by Sarah Marshall | September 25, 2020 | 3 min read
Reduced risk, reduced waste and reduced time undoubtedly increases productivity and in return increases profit on construction projects, but how do we do this? One possible solution is through proper management and well-thought-out setup of a Common Data Environment (CDE).
We have just this week kicked off a new concept design masterplan project with Ryder Architecture for a London-based, very large hospital site redevelopment, where there is a requirement to write a CDE protocol and set up the CDE.
For a project on this scale there needs to be a single repository of information for everyone to work from, particularly at this concept stage where current information is being updated and new information is provided on a daily basis, and with many design iterations expected to come in the run up to planning submission.
Therefore, there will be a need to find all project documents quickly and easily, eliminating data silos and keeping all project content in a single, secure, centralised (cloud) solution.
There are many interpretations of what a CDE is, however industry guidance has been provided in the ISO 19650 standards, by definition a CDE is an agreed source of information for any given project or asset, for collecting, managing and disseminating each information container through a managed process. This essentially means to manage, share and collaborate with others in the project – in other words all appropriate information is available to each project team member.
By setting up a CDE in line with industry standards we are providing the project team with live files and any up-to-the-minute changes to drawings, models, images and so on will be documented, eliminating the risk of rework.
In using a CDE we are creating this needed central repository for construction project information. Operating in this way offers greatly improved project collaboration and information management, connecting teams, models and project data in one environment, ensuring a single source of project truth where the project team are given access only to what they are authorised to access.
This allows us to reduce time and effort needed to check, verify and validate information.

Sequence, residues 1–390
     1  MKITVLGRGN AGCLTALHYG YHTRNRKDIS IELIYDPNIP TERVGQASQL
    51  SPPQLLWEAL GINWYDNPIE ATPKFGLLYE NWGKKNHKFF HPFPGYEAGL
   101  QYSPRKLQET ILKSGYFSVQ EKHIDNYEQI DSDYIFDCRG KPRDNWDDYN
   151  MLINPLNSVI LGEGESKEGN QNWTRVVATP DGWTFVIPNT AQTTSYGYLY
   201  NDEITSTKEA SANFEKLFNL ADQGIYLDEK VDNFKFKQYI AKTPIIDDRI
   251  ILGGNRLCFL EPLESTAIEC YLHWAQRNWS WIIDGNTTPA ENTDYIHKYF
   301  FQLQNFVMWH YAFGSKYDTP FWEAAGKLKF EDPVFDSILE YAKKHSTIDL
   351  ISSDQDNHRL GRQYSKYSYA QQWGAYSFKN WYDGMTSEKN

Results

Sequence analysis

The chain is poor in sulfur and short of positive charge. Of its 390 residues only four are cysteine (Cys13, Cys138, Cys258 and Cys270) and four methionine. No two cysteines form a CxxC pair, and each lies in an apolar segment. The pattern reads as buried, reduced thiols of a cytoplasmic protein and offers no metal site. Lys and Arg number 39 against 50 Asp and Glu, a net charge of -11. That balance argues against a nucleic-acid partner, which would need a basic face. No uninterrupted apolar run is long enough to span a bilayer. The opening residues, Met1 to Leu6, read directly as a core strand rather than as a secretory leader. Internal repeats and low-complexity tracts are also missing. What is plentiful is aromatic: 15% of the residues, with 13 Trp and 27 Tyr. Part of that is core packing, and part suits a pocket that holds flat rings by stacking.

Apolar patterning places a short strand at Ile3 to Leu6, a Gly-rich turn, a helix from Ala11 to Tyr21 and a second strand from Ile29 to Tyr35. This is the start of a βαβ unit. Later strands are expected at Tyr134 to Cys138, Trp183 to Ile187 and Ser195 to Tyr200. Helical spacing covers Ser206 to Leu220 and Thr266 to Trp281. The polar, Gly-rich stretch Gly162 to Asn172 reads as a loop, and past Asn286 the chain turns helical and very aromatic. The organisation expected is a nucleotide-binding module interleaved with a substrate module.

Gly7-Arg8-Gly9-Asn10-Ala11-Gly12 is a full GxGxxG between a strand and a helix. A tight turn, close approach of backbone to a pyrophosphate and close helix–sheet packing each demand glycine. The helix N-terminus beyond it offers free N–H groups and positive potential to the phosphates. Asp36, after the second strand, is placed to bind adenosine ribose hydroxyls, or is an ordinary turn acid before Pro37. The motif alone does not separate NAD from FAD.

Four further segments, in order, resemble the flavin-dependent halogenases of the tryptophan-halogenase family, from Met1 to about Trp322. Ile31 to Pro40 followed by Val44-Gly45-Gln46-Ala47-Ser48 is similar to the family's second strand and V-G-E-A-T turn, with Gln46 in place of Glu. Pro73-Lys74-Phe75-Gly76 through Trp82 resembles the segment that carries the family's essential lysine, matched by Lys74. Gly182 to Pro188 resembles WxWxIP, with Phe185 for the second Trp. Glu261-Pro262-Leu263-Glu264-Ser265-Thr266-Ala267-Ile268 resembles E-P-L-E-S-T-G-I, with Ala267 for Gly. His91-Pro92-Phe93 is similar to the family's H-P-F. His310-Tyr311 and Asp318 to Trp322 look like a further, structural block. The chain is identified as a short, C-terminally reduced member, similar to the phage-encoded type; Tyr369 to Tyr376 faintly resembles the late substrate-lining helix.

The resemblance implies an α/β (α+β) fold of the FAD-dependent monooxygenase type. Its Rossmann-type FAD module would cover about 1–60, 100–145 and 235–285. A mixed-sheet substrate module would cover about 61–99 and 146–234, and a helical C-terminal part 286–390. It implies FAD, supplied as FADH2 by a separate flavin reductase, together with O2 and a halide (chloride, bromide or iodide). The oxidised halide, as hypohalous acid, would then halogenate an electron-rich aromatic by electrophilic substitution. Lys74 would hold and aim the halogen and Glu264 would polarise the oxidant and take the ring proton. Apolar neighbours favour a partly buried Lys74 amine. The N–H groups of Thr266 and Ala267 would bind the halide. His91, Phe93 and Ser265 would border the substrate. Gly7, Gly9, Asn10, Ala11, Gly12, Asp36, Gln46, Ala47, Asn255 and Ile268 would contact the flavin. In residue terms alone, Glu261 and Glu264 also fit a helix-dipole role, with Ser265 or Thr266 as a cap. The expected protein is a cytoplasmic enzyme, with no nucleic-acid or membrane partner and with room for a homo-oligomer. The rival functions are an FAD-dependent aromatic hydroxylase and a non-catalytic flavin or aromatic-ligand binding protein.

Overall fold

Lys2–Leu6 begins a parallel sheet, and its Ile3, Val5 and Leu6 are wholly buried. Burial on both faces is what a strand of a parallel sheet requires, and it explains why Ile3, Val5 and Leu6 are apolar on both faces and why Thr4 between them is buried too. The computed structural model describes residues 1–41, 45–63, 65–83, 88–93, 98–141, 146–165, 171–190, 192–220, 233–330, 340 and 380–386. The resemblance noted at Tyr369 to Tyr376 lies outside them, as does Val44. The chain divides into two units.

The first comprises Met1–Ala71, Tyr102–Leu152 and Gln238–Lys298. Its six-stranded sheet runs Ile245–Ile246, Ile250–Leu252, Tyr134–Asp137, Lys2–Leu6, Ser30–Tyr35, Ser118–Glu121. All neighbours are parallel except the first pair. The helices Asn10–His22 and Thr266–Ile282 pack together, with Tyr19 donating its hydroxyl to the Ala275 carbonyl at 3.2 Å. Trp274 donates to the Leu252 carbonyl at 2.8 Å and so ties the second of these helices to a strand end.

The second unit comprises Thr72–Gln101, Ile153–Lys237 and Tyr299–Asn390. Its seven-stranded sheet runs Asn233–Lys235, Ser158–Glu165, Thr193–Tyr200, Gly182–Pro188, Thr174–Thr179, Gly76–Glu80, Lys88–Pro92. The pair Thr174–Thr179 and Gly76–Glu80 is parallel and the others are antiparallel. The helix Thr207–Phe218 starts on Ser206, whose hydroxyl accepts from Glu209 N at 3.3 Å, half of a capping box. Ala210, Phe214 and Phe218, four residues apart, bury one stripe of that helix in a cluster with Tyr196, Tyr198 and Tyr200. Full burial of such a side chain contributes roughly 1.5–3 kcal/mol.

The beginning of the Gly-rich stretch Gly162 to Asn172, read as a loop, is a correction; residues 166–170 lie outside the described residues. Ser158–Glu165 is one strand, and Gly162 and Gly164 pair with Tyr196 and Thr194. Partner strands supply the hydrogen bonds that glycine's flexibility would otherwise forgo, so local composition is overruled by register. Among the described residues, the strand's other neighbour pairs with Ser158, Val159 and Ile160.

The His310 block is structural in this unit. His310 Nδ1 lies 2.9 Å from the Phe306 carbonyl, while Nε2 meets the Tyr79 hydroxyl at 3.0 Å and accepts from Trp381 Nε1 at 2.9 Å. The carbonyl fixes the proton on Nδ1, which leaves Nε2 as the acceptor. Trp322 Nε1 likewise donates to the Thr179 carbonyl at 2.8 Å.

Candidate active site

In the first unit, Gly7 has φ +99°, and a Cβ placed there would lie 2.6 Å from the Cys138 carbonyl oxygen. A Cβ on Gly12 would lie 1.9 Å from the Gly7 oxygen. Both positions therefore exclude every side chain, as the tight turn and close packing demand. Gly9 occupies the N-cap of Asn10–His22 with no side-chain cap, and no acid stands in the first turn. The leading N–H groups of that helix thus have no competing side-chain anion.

The BIM Academy approach is to assess what is needed on the project, what the client and each member of its supply chain needs, and indeed what software parameters they work within. Then apply the most logical digital solution.
For this healthcare project, we have adopted the use of BIM 360. Having worked with many of the commonly known CDE software, this was selected for it ease of use, particularly for first time users.
Our role as information manager on a project often involves setting up the CDE. We see the CDE as a combination of technical solution and process workflows, used for data management, model viewing and hosting cloud-based models.
For our clients, this means all information on the project is available for reference. Everyone works from the latest information available and improves coordination, avoiding duplication and costly mistakes. As a result, following completion of a project, asset information is readily available to handover.
Not taking this approach risks the project team working from old revisions of models/ drawing or slowing down project development due to waiting on latest/ up-to-date information.
So my point is, to make your projects more profitable, don’t let data slip through the cracks.
A well-thought-out and properly managed CDE sets projects up for success, allowing the project team to optimise and utilise the information when and where it matters most – from design through to operation.
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+44 (0) 191 269 5444 [email protected]
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